It was decided that 70 per cent of all entrance places to secondary schools should be reserved for primary school students. This could have the most far-reaching effect on the future capacity of the country to grow and prosper. However, it was discovered that at 12 years old these new students, as in the case of entry to primary schools at six years, could not cope with the educational requirements. Indeed, many were barely literate.

That was decades ago yet the problem remains until today, with the majority of primary school graduates being low achievers. This should not be surprising as 60 per cent in the grade 4 National Literacy Test for 10-year-old students have repeatedly demonstrated various weaknesses in coping with reading and writing at this advanced stage, although this low figure is showing slight improvement now, thus leaving them unable to deal with secondary education. This would not have been the case had this percentage of students been literate.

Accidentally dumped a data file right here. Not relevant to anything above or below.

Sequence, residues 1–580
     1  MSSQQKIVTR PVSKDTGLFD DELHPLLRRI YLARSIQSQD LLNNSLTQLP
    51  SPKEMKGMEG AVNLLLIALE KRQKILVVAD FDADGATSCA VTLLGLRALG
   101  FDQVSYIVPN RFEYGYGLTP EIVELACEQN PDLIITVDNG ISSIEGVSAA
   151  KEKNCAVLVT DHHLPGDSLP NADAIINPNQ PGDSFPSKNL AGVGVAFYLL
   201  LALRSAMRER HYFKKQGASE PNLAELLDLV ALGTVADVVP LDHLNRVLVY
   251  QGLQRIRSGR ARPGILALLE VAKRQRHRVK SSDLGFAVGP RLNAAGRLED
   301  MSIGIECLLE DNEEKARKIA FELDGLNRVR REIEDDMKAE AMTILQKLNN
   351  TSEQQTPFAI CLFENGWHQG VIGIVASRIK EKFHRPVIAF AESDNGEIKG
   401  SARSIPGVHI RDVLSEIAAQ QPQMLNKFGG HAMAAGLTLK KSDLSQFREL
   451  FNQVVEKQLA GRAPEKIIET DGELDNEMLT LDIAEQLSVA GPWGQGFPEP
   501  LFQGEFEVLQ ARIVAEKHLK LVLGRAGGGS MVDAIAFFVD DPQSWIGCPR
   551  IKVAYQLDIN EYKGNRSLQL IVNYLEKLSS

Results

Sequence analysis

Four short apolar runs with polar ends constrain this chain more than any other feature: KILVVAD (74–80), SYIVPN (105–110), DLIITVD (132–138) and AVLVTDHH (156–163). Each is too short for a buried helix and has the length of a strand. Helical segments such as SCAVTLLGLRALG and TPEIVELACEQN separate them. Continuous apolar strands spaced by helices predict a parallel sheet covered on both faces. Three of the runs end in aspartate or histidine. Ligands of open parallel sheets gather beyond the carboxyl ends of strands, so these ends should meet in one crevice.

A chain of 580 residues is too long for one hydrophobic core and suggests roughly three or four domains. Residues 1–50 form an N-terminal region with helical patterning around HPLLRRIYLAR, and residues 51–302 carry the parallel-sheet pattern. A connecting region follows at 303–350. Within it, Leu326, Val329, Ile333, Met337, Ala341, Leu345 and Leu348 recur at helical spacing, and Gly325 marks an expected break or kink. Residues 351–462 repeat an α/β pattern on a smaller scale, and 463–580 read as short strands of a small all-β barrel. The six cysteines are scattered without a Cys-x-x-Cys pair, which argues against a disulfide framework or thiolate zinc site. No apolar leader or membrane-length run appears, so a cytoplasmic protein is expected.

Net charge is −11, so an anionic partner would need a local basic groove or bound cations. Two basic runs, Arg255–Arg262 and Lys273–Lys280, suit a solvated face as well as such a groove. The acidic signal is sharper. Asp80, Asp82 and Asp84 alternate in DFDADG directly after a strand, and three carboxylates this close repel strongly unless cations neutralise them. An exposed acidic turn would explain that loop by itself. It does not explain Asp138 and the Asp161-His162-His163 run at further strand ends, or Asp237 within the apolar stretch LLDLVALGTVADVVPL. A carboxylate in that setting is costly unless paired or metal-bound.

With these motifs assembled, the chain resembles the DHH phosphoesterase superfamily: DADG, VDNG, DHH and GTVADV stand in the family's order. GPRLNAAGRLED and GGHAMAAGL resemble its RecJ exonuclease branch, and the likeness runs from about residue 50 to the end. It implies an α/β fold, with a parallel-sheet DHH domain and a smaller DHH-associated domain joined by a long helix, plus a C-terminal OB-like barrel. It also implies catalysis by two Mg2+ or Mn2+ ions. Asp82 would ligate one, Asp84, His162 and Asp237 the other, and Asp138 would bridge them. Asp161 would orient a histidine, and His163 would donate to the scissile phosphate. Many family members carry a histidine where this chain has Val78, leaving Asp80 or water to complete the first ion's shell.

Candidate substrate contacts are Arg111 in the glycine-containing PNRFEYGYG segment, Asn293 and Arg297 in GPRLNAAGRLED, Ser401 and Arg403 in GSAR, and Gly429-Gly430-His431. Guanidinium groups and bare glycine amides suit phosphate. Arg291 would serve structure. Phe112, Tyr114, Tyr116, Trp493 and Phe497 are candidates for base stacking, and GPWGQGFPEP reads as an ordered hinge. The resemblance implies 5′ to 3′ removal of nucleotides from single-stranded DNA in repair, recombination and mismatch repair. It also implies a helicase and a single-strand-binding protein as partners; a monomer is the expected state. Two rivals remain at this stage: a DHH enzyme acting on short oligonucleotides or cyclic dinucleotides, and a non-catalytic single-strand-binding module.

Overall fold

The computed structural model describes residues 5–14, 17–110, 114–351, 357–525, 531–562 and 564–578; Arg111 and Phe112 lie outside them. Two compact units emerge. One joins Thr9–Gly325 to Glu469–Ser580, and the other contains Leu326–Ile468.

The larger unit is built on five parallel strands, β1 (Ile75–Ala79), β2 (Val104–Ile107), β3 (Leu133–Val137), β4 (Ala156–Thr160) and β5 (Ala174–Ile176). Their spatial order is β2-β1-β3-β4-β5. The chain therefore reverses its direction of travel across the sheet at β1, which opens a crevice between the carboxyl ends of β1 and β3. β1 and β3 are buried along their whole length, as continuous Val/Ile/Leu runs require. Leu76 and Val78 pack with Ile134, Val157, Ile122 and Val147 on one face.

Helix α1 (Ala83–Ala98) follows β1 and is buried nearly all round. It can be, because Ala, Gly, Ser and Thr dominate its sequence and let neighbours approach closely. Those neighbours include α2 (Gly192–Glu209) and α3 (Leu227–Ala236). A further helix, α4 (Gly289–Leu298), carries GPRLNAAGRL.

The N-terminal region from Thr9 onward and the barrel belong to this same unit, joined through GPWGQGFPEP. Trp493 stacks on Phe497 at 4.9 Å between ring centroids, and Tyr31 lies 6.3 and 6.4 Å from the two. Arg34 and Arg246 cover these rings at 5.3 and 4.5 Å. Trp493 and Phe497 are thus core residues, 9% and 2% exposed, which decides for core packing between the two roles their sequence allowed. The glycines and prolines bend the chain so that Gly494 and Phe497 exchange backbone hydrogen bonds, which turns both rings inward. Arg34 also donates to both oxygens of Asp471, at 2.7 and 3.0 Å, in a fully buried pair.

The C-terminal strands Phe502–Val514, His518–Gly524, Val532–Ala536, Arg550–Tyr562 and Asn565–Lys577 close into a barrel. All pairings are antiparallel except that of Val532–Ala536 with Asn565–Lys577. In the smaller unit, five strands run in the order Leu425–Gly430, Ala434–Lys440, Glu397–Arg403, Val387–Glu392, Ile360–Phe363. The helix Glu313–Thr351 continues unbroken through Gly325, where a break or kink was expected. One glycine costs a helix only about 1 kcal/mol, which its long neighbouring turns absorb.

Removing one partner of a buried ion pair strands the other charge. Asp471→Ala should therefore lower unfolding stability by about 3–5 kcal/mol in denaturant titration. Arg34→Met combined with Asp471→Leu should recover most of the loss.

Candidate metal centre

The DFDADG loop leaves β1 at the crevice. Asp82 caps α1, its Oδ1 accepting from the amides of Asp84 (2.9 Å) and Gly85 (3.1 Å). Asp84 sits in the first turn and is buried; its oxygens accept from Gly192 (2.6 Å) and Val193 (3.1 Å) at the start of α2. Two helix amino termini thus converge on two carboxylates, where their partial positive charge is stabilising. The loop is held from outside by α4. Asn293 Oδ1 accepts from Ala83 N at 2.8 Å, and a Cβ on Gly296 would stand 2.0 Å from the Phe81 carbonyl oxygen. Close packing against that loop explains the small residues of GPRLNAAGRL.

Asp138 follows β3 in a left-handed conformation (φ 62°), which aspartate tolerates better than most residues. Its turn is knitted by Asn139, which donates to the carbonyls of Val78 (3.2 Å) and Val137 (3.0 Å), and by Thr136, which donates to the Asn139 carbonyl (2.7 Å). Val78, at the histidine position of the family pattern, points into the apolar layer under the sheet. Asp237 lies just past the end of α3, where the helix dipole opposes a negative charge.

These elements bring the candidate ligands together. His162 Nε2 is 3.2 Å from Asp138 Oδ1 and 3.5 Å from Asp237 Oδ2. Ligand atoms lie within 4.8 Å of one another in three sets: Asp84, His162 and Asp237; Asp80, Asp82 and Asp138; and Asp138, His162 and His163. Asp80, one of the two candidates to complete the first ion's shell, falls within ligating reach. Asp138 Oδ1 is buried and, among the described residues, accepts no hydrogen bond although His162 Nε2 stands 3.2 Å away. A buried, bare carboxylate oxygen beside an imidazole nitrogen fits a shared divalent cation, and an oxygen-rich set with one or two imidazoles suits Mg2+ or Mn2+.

This is a new road for education, one that challenges us to think outside of the box. For centuries we have travelled the same failed course; time now to travel a different path, to try something new.

The day has come at last. I was thinking that it may never happen after so many years of speaking and writing about the critical need for Government to take over the basic school system so that it could handle the transformation of these schools which have been neglected for so long. Recently, the Minister of Education Ruel Reid announced that Prime Minister Andrew Holness has agreed to that proposal. This is an excellent move.